New York Yankees Editorial: The Bronx is Boiling Deadline Deals


75 games into the season and this New York Yankees team is, thus far, a success. Despite long absences from Jacoby Ellsbury and Masahiro Tanaka and the continuing fall of CC Sabathia, the New York Yankees remain in second place in the AL East and atop the Wild Card leaderboard.

It’s that time of year though, folks. The trade deadline is looming and the rumor mill has busted wide open. Do the New York Yankees need help? Yes, but only if the price is right. The Bronx is boiling and I need to blow some steam.


Last season, Brian Cashman may have done his best in-season work bringing over names like Brandon McCarthy and Martin Prado which kept the Yankees in the race right down to the end of the road. He may have to outdo himself this season if he is to bring in any help that won’t cost too much of the future. 

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One of the names that keeps popping up is Jeff Samardzija. I don’t like this idea one bit. Samardzija was always one of those guys who had that label, “just get him off of the Chicago Cubs and you’ll see how good he really is.” Well, he is off the Cubs, and he is the same pitcher. That pitcher is one in which people think extremely too highly.

Samardzija is a nice three or four starter. The problem is teams, like the Chicago White Sox who traded away four pieces to obtain him as their No. 2, overvalue him. The White Sox, who are in last place, won’t let Samardzija go cheap, and he simply isn’t worth any deal that includes Aaron Judge, Luis Severino, Rob Refsnyder or Greg Bird.

I will say the same thing I said when the New York Yankees acquired Nathan Eovaldi. Bringing a historically hittable pitcher to Yankee Stadium is not a smart move. Samardzija has always been very hittable, and this season he is doing it at a career worst. He leads the MLB in hits allowed and is currently allowing a career-worst 10.5 hits per nine.

Samardzija’s strength in the past is that despite allowing a lot of hits, he was a big strikeout pitcher. He could limit the damage by striking out the side and stranding base runners. This year he is striking out a career low 7.5 batters per nine, a number that has been dropping since his consecutive seasons of striking out one per inning in 2012 and 2013.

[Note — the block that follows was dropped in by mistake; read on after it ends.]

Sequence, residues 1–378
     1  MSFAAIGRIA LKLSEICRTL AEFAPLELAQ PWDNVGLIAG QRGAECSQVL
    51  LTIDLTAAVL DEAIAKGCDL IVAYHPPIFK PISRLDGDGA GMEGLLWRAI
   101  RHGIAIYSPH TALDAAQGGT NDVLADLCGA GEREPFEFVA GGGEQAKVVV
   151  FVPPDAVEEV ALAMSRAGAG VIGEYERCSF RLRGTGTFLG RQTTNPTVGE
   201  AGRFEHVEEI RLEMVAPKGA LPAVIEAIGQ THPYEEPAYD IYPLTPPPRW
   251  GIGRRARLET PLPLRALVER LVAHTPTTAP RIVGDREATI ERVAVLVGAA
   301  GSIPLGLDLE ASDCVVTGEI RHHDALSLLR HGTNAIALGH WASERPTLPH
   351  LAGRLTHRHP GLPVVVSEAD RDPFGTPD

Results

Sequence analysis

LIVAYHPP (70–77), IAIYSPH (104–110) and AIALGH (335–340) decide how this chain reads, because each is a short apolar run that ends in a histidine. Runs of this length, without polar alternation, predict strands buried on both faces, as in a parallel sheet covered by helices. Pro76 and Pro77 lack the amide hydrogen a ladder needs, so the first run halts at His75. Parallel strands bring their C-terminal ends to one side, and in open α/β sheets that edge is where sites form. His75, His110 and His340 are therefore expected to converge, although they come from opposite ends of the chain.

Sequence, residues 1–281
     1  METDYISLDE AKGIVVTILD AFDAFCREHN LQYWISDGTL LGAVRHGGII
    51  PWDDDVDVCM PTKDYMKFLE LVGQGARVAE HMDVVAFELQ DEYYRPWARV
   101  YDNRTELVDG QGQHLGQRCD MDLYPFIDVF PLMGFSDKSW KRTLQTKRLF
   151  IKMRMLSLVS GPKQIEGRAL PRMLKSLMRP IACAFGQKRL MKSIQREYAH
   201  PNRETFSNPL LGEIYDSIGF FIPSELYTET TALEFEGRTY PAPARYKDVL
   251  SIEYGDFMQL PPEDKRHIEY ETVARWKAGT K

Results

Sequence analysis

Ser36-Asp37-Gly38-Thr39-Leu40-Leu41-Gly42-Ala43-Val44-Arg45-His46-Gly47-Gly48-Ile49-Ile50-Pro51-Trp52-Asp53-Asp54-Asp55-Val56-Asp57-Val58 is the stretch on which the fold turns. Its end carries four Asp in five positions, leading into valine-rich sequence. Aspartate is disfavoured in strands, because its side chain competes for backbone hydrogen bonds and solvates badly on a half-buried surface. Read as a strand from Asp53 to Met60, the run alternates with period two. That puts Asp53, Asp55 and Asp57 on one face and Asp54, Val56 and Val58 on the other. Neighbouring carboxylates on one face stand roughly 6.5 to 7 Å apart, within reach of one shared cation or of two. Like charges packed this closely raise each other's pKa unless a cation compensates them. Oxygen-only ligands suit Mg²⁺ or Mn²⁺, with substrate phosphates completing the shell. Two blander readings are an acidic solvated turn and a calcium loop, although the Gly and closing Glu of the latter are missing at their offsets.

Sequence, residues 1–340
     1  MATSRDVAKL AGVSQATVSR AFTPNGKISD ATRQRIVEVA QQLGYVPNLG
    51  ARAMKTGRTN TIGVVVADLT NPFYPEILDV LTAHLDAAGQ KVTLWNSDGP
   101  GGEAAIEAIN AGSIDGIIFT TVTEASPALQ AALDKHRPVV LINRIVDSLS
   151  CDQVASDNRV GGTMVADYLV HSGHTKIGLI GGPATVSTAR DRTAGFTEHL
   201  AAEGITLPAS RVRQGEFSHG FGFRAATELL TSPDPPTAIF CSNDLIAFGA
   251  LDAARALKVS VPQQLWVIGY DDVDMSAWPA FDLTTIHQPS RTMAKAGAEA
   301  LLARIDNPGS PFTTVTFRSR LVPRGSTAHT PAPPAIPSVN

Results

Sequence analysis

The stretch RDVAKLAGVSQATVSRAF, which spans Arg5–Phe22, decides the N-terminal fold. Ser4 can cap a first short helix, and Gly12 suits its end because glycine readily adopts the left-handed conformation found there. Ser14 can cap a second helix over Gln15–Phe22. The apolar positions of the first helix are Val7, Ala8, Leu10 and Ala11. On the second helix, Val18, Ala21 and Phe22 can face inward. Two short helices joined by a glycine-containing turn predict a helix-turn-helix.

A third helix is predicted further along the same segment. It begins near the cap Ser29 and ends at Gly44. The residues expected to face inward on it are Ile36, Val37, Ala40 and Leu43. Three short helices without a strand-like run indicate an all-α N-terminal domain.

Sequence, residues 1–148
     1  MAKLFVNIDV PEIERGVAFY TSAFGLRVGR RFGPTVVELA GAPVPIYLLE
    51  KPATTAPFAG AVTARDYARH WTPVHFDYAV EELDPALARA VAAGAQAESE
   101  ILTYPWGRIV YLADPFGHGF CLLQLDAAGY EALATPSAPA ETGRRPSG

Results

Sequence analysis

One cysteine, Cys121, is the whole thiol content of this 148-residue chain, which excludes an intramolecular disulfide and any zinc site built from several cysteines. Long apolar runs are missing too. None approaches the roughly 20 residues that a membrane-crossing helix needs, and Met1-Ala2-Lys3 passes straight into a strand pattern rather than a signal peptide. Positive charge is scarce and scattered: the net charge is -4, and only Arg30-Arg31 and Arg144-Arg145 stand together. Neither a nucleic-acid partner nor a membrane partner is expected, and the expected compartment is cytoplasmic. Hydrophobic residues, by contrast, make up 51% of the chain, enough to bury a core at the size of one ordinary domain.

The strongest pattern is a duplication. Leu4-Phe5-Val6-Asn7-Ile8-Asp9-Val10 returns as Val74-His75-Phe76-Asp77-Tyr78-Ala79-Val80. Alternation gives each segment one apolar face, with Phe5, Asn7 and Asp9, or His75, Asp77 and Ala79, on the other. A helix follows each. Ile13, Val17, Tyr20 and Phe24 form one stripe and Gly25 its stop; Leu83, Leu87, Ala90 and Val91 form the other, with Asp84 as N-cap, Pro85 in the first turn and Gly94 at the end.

Another name that has surfaced is the Cincinnati Reds Mike Leake. The Reds are two things: bad in the big leagues and bad, if not worse, in the Minor Leagues. Getting an arm like Johnny Cueto from them would cost just about every top prospect the New York Yankees have. Stepping down and getting Mike Leake would still be costly.

Again, the problem with Leake isn’t that he is a bad pitcher, it is what it will cost and that he will be overvalued. Leake’s impending free agency seems to suggest that, like Brandon McCarthy before him, he would be an arm for hire and left to test the free agent market at season’s end. Is sacrificing a Top Ten prospect worth that?

If the New York Yankees go all-in and decide to mortgage the farm it should be for Cole Hamels. Many fans are opposed to this because of how much it would take to get him, but trading away anymore than a Gary Sanchez for either of the two above mentioned names would be trading away too much as well.

Many people look at Hamels 22-29 record over the past two and a half seasons and think he is tailing off since he hit 30. It is quite untrue. His ERA (3.10), WHIP (1.16) and strikeout rate (8.9) are all right around or actually better than his career norms. What the problem has been is the Phillies, not Hamels.

Say this to yourself out loud: Hamels-Tanaka-Pineda-Nova-Eovaldi (if you follow along with me, you are well aware by now my thoughts on Adam Warren in the rotation. I am a huge Warren fan, and think that he is a quality starter, but think that the value he brings to the bullpen is second to none). That’s impressive and that’s set in stone for a few years. But again, it would cost the Yankees severely.

If it were any other GM the Ruben Amaro, the Phillies could be had for less, but Amaro has proven in the past to be difficult to work a deal. The Phillies are in desperate need for just about everything except third or first base because of Maikel Franco, and the Yankees can provide a lot of that.

The Phillies catching situation is in shambles. Carlos Ruiz is still starting and that is scary. Enter Gary Sanchez. Sanchez is still just 22-years old, but I think he has run his course in the New York Yankees system. He needs a fresh start to reach the potential the Yankees once saw in him.

Should the Phillies find a taker for Ryan Howard (who should be considered the offensive version of Sabathia at this point), they can move Franco to first and the Yankees can send over No. 11 prospect Miguel Andujar who has a chance to be fast tracked to the Majors in Philly but is blocked by Eric Jagielo in New York.

It would take more than that, maybe an Ian Clarkin or maybe Jacob Lindgren if Jonathan Papelbon were to be in the mix as many rumors suggest, but at the end of the day, there are options that are favorable to both teams that keep Severino, Judge and Bird in pinstripes. But again, it will be difficult with Amaro.

Who knows what is in store over the next few weeks, but there is no doubt that the Yankees will be making some moves. Hopefully, they can pull in some nice pieces on the cheap and return to October playoffs.

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